California wants teachers to violate education’s Hippocratic Oath
If there’s one principle that should be a fixed star in America’s schools, it’s that educators should be expected to do all they can to help each student develop their gifts and fulfill their potential. This should serve as education’s version of medicine’s Hippocratic Oath.
Regrettably, California has decided to push educators to violate that oath.
In a well-meaning but hugely misguided effort to promote equity, the state’s Instructional Quality Commission earlier this year adopted a new Mathematics Framework that urges schools to do away with accelerated math programs in order to promote “heterogeneous grouping” of students.
The framework’s authors assert that mathematics has a “history of exclusion and filtering, rather than inclusion and welcoming,” and that California must respond with “a coordinated approach” that puts an end to advanced math in grades K-10. With remarkable chutzpah, they insist that this is actually doing math “high achievers” a favor, as they’ll now be able to “take work to deeper levels rather than speed ahead with superficial understanding of content, and learn to appreciate the beauty of mathematics.”
Dismissing those who fear their approach will stymie students who have a particular aptitude for math, the framework flatly posits: “We reject ideas of natural gifts and talents.”
The pursuit of equal educational opportunity for all is a crucial goal. Of course, too many children have been historically ill-served in our schools and, of course, too many of these children have been living in poverty, Black, or English language learners. But this is not the answer.
While seeking to meet the needs of each learner may be wholly aspirational, it provides a moral compass for the profession and a clear basis for explaining exactly why it’s a moral failure when some kids get systematically short-changed. And, while we’re miles from where we need to be, this goal has allowed schools to become far more attuned to the varied needs of students today than they were a generation ago.
Now, defenders of the framework point to some evidence to support their stance. For instance, in the past couple years, the San Francisco Unified School District implemented a high school model that aligns with the framework. San Francisco’s pilot approach, staffed by highly-regarded educators supported by training, has yielded some potentially promising preliminary results. The district reduced the number of students failing math and has maintained participation in Advanced Placement calculus.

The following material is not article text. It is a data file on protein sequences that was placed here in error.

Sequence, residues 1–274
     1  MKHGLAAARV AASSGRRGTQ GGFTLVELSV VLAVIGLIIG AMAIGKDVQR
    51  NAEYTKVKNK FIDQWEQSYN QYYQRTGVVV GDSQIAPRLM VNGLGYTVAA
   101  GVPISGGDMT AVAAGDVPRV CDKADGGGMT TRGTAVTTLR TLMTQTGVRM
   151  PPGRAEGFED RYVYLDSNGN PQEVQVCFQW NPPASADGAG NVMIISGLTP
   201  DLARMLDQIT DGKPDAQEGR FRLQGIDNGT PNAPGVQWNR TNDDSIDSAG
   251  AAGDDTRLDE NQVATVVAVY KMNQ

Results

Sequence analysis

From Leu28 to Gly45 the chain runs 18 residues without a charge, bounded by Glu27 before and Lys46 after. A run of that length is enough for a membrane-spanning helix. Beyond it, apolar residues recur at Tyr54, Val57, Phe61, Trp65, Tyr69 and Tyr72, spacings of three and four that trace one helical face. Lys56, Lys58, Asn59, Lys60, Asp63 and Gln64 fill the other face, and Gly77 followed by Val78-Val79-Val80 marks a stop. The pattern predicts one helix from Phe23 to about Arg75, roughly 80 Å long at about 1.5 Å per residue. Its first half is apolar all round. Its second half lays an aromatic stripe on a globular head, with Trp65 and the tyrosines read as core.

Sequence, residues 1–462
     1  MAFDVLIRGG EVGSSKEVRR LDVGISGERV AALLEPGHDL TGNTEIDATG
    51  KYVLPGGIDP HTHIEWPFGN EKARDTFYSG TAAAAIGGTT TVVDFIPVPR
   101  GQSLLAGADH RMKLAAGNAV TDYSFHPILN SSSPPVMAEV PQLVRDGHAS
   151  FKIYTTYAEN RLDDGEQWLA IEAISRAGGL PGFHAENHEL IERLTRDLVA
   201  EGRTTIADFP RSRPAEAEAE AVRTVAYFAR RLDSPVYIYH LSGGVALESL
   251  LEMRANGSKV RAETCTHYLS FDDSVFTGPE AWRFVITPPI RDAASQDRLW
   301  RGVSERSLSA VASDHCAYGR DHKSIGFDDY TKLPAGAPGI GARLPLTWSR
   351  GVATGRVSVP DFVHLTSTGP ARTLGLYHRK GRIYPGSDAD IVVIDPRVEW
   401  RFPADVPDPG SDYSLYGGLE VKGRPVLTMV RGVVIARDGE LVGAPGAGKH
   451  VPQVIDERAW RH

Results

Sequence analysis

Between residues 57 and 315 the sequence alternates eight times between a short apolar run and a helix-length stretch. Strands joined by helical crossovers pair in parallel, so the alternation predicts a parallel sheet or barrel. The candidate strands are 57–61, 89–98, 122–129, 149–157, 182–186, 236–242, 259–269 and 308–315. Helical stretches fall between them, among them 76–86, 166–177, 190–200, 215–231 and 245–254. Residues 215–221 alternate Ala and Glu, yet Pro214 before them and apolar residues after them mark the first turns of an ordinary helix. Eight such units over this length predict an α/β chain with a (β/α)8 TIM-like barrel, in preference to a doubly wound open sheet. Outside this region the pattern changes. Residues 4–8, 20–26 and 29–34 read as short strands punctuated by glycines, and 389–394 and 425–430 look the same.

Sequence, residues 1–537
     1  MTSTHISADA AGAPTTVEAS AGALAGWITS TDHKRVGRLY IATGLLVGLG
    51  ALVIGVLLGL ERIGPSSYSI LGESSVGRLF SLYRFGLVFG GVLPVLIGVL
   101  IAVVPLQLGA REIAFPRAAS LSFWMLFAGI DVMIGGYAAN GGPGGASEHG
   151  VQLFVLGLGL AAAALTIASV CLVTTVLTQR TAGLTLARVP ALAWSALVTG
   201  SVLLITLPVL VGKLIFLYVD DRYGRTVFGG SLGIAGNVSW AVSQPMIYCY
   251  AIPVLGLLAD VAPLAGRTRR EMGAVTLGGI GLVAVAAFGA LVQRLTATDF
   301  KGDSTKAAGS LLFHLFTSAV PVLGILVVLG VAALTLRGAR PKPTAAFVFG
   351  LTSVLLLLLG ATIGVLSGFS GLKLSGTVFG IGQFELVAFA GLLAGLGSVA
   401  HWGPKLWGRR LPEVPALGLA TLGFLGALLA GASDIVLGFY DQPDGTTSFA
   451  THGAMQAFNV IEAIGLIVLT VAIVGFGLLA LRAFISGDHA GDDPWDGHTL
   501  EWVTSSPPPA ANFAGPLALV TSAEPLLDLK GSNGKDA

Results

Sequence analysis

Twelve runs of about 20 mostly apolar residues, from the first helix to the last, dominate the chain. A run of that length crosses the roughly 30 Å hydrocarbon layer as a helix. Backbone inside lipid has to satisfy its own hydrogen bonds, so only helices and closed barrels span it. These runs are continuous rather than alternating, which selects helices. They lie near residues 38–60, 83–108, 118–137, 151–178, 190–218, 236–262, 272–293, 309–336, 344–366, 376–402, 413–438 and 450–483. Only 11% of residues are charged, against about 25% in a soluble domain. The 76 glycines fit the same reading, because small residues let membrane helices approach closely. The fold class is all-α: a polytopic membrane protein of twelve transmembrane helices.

The results, however, do not speak to how much math students are actually learning. Nor do they make clear how this approach will play out in communities that lack San Francisco’s advantages.
California would be well-served by an evidence-based approach that allows students to move across opportunity pathways as they grow and mature in their mathematical performance. While we seek more robust evidence on how best to do that, California should reconsider its present course. For one thing, the framework will give millions of students less opportunity to lay a foundation for mathematics mastery in college and beyond.
The moment when our national well-being rests on the science that yielded breakthrough COVID vaccines is truly an odd one to make it harder for mathematically talented students to cultivate their gifts.
Perhaps more to the point, this push for equity seems likely to fail on its own terms. After all, if schools stifle enthusiastic math learners or fail to support them, affluent families will move their children to private schools or else pony up for tutors, enrichment programs, and online courses. It is low-income students with a passion for math who won’t have these options and who will now also lack school-based opportunities. We can and must do more to address these opportunity gaps in the early grades, so that students are prepared for more rigorous learning in the high school years. But the framework’s assault on accelerated math is the wrong way to do that.
Let’s make this simpler. Imagine you’re tasked with coaching a youth team populated with both all-stars and novices. Every player has some ability, but some are taller or faster or bigger or more talented than others. Would you deny the existence of these differences? If an accomplished player asked to show up early for some intensive coaching, should you say, “I’m sorry, but it would be unfair to help you get further ahead of your teammates?”
Or should the response be, “I’m happy to do that, and I’m also going to make sure your teammates all know they’re welcome to participate in the extra workouts if they wish.” This second option is the better one. It entails making accelerated options more available and accessible, not trying to close them off. The coach’s charge should be to maximize opportunities for individual growth and development, not to standardize performance by constraining practice time.
Equal is not always better. Children are blessed with different gifts and interests, and the mission of schools is to help each child flourish. At least, we suspect that’s what Hippocrates would say.
Frederick M. Hess is director of education policy studies at the American Enterprise Institute.
William F. Tate IV is the provost and executive vice president of academic affairs at the University of South Carolina and the next president of Louisiana State University.
The Hill has removed its comment section, as there are many other forums for readers to participate in the conversation. We invite you to join the discussion on Facebook and Twitter.